Western Digital (NASDAQ:WDC), the world's largest hard drive manufacturer, was recently downgraded by an analyst at Citi along with competitor Seagate Technologies (NASDAQ:STX). The main reason cited for this downgrade is the deterioration of the PC market. Of course, a drop in demand for PCs will have a negative effect on Western Digital's profits, but the stock is so undervalued that it doesn't really matter. And with earnings coming up, the put option premiums for Western Digital have become quite lucrative. This could allow you to pick up shares at a great price and get paid handsomely to do so.
Western Digital currently trades for $35.55. On the balance sheet the company has about $4 in excess cash per diluted share. The free cash flow for fiscal 2012, which ended in June, was $2,350 on revenue of $12,478. In March of 2012 Western Digital closed a deal to buy Hitachi, effectively making it the largest hard drive manufacturer in the world. Since this took place well into fiscal 2012 the full effect of the merger isn't represented in the fiscal 2012 results. But even using these figures, WD had a FCF/share of $9.59. This puts the effective P/FCF, after backing out cash, at about 3.3.
So even if profitability decreases due to lagging PC demand, the company is so undervalued that the stock would still be cheap. Even if free cash flow gets cut in half the P/FCF would still be just 6.6.
Selling Put Options
By selling put options you are selling someone the right, but not the obligation, to sell you 100 shares of the underlying stock at the strike price on or before the expiration date. For this right you receive a premium.
Let's take a look at some interesting put options which could be sold:
|Expiration Date||Strike Price||Premium||Annualized Return|
|Nov 2012 (29 days)||$31||$0.48||19.49%|
|Nov 2012 (29 days)||$33||$1.04||39.67%|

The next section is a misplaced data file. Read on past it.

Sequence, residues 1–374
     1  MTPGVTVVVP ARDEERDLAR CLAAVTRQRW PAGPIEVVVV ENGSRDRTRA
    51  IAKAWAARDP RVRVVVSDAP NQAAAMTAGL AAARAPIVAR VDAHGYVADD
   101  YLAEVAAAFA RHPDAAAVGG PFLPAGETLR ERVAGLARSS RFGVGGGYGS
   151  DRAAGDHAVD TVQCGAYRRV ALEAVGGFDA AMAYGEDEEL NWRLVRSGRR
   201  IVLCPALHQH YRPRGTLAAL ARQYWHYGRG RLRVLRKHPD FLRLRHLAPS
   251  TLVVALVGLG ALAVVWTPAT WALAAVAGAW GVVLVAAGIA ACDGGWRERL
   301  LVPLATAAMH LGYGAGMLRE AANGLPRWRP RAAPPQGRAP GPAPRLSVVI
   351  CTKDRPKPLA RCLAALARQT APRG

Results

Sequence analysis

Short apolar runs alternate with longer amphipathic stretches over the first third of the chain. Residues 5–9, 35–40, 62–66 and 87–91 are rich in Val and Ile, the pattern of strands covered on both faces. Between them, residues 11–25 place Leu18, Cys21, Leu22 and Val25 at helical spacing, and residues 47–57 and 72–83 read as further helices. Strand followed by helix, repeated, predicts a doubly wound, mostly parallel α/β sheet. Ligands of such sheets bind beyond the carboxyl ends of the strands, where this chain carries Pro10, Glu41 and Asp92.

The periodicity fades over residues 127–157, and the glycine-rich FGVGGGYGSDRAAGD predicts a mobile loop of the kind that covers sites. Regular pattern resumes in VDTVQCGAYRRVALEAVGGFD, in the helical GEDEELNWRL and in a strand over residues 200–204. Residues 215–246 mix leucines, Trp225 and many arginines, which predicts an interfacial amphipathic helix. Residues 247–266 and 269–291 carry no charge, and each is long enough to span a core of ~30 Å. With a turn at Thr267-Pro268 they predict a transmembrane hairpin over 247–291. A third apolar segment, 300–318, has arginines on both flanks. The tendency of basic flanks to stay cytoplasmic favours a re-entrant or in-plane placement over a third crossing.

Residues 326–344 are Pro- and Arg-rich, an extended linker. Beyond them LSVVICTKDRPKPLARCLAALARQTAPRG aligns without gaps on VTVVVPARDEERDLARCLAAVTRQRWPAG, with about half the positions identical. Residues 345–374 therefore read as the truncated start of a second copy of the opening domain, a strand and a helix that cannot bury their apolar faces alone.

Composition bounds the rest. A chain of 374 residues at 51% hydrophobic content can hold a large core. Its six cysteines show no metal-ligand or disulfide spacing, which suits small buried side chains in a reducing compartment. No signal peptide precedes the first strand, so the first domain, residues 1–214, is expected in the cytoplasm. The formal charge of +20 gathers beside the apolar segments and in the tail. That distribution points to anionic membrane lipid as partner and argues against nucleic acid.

|Jan 2013 (92 days)||$31||$1.19||15.23%|
|Apr 2013 (183 days)||$31||$2.18||14.03%|
|Jan 2014 (456 days)||$30||$4.40||11.74%|
The November 2012 put offers a staggering 39.67% annualized return, but the strike price is only 7.17% below the current market price. If earnings come up short the stock could easily drop this much. The November $31 put offers an equally impressive 19.49% annualized return (1.55% over 29 days) with a strike price a full 12.8% below the current market price. This creates a larger buffer and partially protects you against a severe earnings miss.
If you sell the November 2012 $31 put options, there are two possible outcomes.
- The stock never falls below $31 per share and the option expires worthless. You are not required to buy any shares and are free to sell another put option.
- The stock falls below $31 per share and you are forced to buy 100 shares of Western Digital at a price lower than what the market price is at that time. Your effective purchase price will be $30.52 after factoring in the premium.
I think that sentiment regarding Western Digital is overly pessimistic and that the stock is severely undervalued. The November 2012 $31 put options offers a way to buy the stock at a low price and to receive a 19.49% annualized return for doing so.